TUESDAY, May 17 (HealthDay News) -- The same lifestyle factors
that are linked to healthy hearts and bones can also keep painful
kidney stones at bay, a series of new studies suggests.
Researchers presenting data on Tuesday at the American
Urological Association's annual meeting in Washington, D.C.,
contended that aspects such as diet, weight, calorie and calcium
intake and medication usage can determine whether adults will
develop kidney stones.
While the biggest risk factor for kidney stones is dehydration,
according to the U.S. National Institutes of Health, this common
condition can also be hereditary or caused by many other
"Stone disease has been a problem since people have been around," said Dr. Marshall L. Stoller, who co-authored a study indicating women with higher calcium intakes were at reduced risk of the problem. "Only one disease is mentioned in the Hippocratic oath -- stone disease."
"Women should not lower their calcium intake in hopes of lowering their risk for calcium-based kidney stones," added Stoller, vice chair of the urology department at the University of California, San Francisco. "Those women who cut down their calcium increased their risk. It's sort of counterintuitive."
In addition to Stoller's study, other studies presented at the
"This has never been demonstrated before -- it's completely novel," said Dr. Roger Sur, author of the statin study and now director of the Comprehensive Kidney Stone Center at the University of California, San Diego. "It's a retrospective study, and it needs more rigorous prospective data. But it's certainly exciting information we hope to take forward."
With the link between lifestyle factors, heart disease and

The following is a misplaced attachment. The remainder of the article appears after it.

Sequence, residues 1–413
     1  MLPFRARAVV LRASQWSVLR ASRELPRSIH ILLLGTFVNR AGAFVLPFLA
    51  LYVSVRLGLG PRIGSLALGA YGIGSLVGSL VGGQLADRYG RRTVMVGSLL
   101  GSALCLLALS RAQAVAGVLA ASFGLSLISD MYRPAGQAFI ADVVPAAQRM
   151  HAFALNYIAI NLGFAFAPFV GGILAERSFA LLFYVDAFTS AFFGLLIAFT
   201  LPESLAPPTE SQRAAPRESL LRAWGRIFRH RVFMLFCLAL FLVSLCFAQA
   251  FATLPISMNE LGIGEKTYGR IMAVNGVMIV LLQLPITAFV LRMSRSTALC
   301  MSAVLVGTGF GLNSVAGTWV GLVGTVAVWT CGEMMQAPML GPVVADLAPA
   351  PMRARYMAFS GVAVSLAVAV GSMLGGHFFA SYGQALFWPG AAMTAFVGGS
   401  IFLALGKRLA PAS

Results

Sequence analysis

kidney stones so apparent, Stoller said, those who develop stones
might want to consider if they are developing heart disease as
"If you have a stone, it could be looked upon as a canary in a mine shaft. You could be at risk for heart disease," he said. "We give our patients with stones three global recommendations: lower their salt intake, lower animal protein intake and get adequate fluid intake. That is [also] a cardiac-healthy diet."
Dr. Michael A. Palese, an associate professor of urology at
Mount Sinai Medical Center in New York City, said the new studies
add "ammunition" to advice he already gives his kidney stone
patients about how to avoid future episodes.
"These are little things we do over time to stack the deck in the patient's favor," said Palese, who was not involved in the research presented. "I think this is an interesting addition to what we already know."
The studies presented at the meeting demonstrated an association
with the assorted lifestyle factors and kidney stones, but did not
prove a cause-and-effect. And experts note that research presented
at medical meetings doesn't receive the same level of scrutiny
given to studies published in peer-reviewed journals.
For more on kidney stones, visit the
U.S. National Institute of Diabetes and Kidney
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